8. “hip hop been dead we the reason it died.” the pallbearers of hip hop’s casket are the likes of kweli, nas, and mos def. the newcomers (save jay electronica) are all about the dough. as the the pallbearers go, so does hip hop.
    i’ll leave a flower at the grave for you, hip hop.

  9. “hip hop been dead we the reason it died.” the pallbearers of hip hop’s casket are the likes of kweli, nas, and mos def. the newcomers (save jay electronica) are all about the dough. as the the pallbearers go, so does hip hop.
    i’ll leave a flower at the grave for you, hip hop.

  10. Thank me later album of the year? What about Recovery?

  11. Thank me later album of the year? What about Recovery?

  12. if i could find a s submissions email around here somewhere, i’d prove to you that hip hop ain’t dead. Far as i’m concerned, it’s still kickin as long as i can feel my pulse quickening when i hear the right music.

  13. if i could find a s submissions email around here somewhere, i’d prove to you that hip hop ain’t dead. Far as i’m concerned, it’s still kickin as long as i can feel my pulse quickening when i hear the right music.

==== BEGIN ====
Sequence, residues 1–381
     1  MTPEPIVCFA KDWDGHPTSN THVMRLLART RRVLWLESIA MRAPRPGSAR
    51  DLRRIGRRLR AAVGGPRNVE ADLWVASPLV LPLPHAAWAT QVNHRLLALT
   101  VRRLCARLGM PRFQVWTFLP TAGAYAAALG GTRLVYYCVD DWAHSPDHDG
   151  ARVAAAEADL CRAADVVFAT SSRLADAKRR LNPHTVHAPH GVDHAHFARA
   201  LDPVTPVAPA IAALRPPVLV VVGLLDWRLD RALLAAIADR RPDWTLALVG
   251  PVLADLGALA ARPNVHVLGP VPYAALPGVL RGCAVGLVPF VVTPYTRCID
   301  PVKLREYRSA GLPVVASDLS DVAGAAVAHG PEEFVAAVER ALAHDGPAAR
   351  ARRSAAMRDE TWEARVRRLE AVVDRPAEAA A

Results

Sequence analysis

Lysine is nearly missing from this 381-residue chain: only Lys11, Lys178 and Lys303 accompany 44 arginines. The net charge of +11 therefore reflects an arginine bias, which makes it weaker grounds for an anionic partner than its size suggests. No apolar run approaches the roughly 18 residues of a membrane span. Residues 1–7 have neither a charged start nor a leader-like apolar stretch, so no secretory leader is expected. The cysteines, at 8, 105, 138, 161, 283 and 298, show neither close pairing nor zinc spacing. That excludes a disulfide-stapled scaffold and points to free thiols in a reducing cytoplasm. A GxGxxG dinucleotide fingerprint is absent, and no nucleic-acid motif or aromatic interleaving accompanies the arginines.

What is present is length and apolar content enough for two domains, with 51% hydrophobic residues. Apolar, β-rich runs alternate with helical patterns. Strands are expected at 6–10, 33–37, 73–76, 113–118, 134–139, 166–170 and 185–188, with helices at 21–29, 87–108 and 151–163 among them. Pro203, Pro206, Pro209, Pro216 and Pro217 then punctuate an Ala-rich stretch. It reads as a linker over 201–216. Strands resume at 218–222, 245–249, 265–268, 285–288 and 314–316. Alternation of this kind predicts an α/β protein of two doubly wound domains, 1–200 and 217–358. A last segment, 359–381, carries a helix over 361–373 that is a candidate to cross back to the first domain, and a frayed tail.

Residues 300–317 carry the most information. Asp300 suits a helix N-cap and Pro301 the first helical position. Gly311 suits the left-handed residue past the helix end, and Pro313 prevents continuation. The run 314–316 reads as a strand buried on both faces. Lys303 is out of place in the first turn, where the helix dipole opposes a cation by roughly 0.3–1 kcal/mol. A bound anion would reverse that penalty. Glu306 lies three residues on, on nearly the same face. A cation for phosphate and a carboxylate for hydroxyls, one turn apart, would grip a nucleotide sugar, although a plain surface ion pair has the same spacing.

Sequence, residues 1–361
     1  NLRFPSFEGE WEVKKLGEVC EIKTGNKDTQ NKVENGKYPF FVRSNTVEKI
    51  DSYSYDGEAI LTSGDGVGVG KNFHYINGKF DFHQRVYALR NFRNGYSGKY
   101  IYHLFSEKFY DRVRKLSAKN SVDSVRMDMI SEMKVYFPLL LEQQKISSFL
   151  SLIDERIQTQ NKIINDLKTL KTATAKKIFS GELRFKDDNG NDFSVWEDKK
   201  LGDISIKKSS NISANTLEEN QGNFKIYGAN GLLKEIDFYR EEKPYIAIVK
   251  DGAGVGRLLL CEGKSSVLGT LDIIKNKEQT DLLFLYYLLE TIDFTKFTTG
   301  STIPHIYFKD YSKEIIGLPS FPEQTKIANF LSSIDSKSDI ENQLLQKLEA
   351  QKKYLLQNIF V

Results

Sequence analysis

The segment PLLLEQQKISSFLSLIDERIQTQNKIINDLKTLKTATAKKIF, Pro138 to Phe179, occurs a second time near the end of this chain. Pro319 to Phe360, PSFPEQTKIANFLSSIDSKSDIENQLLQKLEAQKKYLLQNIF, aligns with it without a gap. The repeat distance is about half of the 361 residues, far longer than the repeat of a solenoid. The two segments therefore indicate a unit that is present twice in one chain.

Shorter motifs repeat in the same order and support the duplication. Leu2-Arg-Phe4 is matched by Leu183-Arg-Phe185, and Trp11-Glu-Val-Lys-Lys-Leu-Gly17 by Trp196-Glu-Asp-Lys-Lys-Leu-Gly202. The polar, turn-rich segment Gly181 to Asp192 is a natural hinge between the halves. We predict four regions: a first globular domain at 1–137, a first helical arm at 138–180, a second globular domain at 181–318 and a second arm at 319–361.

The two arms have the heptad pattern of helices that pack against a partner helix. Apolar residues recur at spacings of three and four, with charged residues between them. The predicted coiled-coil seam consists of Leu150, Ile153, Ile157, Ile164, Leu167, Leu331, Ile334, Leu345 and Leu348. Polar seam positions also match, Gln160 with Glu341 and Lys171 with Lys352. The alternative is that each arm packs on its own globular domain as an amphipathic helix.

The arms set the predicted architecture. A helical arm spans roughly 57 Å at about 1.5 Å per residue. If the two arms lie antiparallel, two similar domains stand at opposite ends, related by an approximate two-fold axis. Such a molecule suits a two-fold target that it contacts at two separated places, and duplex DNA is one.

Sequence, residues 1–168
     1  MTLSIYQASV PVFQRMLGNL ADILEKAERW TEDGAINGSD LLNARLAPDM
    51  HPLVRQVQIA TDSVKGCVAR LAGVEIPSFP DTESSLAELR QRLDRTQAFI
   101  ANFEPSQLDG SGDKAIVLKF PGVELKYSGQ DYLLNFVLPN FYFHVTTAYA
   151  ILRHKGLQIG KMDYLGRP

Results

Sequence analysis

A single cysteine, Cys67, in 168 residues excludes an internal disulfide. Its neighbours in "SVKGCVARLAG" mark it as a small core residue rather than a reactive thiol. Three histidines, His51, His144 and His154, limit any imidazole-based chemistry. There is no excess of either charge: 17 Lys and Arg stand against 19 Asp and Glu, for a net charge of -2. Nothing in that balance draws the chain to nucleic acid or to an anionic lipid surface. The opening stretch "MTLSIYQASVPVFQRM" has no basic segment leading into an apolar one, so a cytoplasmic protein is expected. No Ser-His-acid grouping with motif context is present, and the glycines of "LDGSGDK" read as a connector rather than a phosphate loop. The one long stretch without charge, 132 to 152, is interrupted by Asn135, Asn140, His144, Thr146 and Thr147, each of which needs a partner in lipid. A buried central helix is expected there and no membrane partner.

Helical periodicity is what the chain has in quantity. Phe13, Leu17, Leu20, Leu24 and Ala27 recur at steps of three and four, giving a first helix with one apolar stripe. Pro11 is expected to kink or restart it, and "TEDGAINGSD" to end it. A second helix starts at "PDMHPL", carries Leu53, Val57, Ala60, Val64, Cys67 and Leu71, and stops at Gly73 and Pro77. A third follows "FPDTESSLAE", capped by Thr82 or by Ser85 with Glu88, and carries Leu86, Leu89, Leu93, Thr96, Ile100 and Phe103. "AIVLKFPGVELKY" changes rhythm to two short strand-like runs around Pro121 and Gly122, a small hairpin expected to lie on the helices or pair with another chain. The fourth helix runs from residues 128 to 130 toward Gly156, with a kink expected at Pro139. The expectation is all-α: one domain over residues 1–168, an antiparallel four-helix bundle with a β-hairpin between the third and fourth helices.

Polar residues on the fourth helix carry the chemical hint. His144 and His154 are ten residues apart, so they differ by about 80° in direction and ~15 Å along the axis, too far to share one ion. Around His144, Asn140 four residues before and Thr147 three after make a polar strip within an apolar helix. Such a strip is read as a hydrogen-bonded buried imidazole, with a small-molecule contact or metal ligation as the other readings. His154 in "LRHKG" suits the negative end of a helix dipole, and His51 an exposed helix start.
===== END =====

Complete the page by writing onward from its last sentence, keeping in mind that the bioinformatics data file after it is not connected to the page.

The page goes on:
14. “Hip Hop is Dead” was a marketing campaign for a Nas album. Sadly, people still talk about it and “debate” it.

    There’s really no debate, never has been, never will be. Year after year after year, dope and innovative new albums are coming out from new artists and evolving veterans as hip hop spreads and thrives across the planet.

    Equating the rappers who get corporate sponsorship and with “Hip Hop” is a mistake, not grounds for a discussion about the health of hip hop. What Bronfman and Murdoch and Azoff want to invest in, that’s got pretty much nothing to do with the actual culture and music of hip hop.

  15. “Hip Hop is Dead” was a marketing campaign for a Nas album. Sadly, people still talk about it and “debate” it.

    There’s really no debate, never has been, never will be. Year after year after year, dope and innovative new albums are coming out from new artists and evolving veterans as hip hop spreads and thrives across the planet.

    Equating the rappers who get corporate sponsorship and with “Hip Hop” is a mistake, not grounds for a discussion about the health of hip hop. What Bronfman and Murdoch and Azoff want to invest in, that’s got pretty much nothing to do with the actual culture and music of hip hop.